"It really got to them," recalls Dr. William Schneider, [former] undersecretary of state for military assistance and technology, who saw classified "after-action reports" that indicated U.S. flight activity. "They didn't know what it all meant. A squadron would fly straight at Soviet airspace, and other radars would light up and units would go on alert. Then at the last minute the squadron would peel off and return home."[15]

In April, the United States Navy conducted FleetEx '83, the largest fleet exercise held to date in the North Pacific.[16][17] The conglomeration of approximately forty ships with 23,000 crewmembers and 300 aircraft, was arguably the most powerful naval armada ever assembled. U.S. aircraft and ships attempted to provoke the Soviets into reacting, allowing the U.S. Office of Naval Intelligence to study Soviet radar characteristics, aircraft capabilities, and tactical maneuvers. On April 4 at least six U.S. Navy aircraft flew over Zeleny Island, one of the Kurile Islands. The Soviets were outraged, and ordered a retaliatory overflight of U.S. Aleutian Islands. The Soviet Union also issued a formal diplomatic note of protest, which accused the United States of repeated penetrations of Soviet airspace.[18]

Korean Air Lines Flight 007[edit source | edit]

On September 1, 1983 the Korean Air Lines Flight 007 (KAL 007) was shot down over the Sea of Japan near Moneron Island just west of Sakhalin island over prohibited Soviet airspace. All 269 passengers and crew aboard were killed, including Congressman Larry McDonald (D), a sitting member of the United States House of Representatives from Georgia. In conjunction with the extremely secretive PSYOPs against the Soviet Union, the attack brought relations between the two superpowers to a new public low. Illustrating the historically antagonistic relations between the USA and USSR in the early 1980s, the Soviet attack on KAL 007 also lends several insights into Able Archer 83.

Weapons buildup[edit source | edit]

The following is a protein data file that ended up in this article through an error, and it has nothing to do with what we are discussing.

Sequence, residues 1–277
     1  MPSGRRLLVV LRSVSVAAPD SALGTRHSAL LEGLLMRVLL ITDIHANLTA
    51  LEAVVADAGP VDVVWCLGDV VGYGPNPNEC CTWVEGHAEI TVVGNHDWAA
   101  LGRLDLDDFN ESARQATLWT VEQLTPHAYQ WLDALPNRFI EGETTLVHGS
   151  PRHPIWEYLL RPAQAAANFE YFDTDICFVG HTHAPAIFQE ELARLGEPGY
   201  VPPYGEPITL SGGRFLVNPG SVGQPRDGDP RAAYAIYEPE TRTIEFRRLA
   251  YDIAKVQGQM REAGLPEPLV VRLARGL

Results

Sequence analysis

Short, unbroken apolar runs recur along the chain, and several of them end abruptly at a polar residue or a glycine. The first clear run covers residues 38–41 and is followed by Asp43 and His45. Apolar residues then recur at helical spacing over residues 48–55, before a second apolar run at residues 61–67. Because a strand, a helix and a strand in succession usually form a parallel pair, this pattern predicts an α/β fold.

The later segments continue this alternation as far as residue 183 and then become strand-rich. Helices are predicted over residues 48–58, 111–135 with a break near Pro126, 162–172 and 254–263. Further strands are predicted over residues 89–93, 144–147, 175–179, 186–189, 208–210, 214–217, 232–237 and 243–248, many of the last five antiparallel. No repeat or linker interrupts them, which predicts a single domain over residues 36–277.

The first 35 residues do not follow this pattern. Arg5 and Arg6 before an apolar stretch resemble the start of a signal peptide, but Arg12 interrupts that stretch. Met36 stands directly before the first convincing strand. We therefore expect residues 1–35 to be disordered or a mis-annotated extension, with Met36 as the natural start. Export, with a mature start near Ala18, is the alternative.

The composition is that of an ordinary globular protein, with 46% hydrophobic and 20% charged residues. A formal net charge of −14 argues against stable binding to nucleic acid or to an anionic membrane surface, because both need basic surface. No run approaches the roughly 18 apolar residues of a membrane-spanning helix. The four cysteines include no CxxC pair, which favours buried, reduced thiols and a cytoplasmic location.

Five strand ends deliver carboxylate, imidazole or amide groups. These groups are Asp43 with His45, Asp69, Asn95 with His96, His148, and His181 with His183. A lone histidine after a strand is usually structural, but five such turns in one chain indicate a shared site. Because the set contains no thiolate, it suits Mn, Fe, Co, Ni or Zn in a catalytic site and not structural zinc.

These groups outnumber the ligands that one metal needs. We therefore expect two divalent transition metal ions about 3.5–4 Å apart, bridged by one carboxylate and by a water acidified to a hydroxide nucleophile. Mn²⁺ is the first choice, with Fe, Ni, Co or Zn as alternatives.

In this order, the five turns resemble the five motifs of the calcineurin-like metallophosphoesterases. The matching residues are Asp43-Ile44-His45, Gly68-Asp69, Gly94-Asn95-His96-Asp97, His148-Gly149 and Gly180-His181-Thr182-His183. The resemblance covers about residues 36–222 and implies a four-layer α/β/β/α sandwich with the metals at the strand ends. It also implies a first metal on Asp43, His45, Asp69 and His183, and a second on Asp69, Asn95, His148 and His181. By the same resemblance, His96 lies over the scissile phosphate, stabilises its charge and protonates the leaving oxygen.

From the start the Reagan administration adopted an assertive and resolute stance toward the Soviet Union, one that favored matching and exceeding their strategic and global military capabilities. The administration's rigorous focus on this objective resulted in the largest peacetime military buildup in the history of the United States. It also ushered in the final major escalation in rhetoric of the Cold War. On June 8, 1982, Reagan, in a speech to the British House of Commons confidently declared that, "... Freedom and Democracy will leave Marxism and Leninism on the ash heap of history."[19]

On March 23, 1983, Reagan announced one of the most ambitious and controversial components to this strategy, the Strategic Defense Initiative (labeled "Star Wars" by the media and critics). While Reagan portrayed the initiative as a safety net against nuclear war, leaders in the Soviet Union viewed it as a definitive departure from the relative weapons parity of détente and an escalation of the arms race into space. Yuri Andropov, who had become General Secretary following Brezhnev's death in November 1982, lambasted Reagan for "inventing new plans on how to unleash a nuclear war in the best way, with the hope of winning it".[20]

Despite the enormous Soviet outcry over the "Star Wars" program, the weapons plan that generated the most alarm among the Soviet Union's leadership during Able Archer 83 was the 1979 NATO approval and planned deployment of intermediate-range Pershing II missiles in Western Europe.[Note 1] These missiles, deployed to counter Soviet SS-20 intermediate-range missiles on its own western border, represented a major threat to the Soviets. The Pershing II was capable of destroying Soviet "hard targets" such as underground missile silos and command and control bunkers.[11][21][22]

The missiles could be emplaced and launched from any surveyed site in minutes, and because the guidance system was self-correcting, the missile system possessed a genuine "first strike capability". Furthermore, it was estimated that the missiles (deployed in West Germany) could reach targets in the western Soviet Union within four to six minutes of their launch. These capabilities led Soviet leaders to believe that the only way to survive a Pershing II strike was to preempt it. This fear of an undetected Pershing II attack, according to CIA historian Benjamin B. Fischer, was explicitly linked to the mandate of Operation RYAN: to detect a decision by the United States to launch a nuclear attack and to preempt it.[11][21][22]

False alarm from the Soviet early missile warning system[edit source | edit]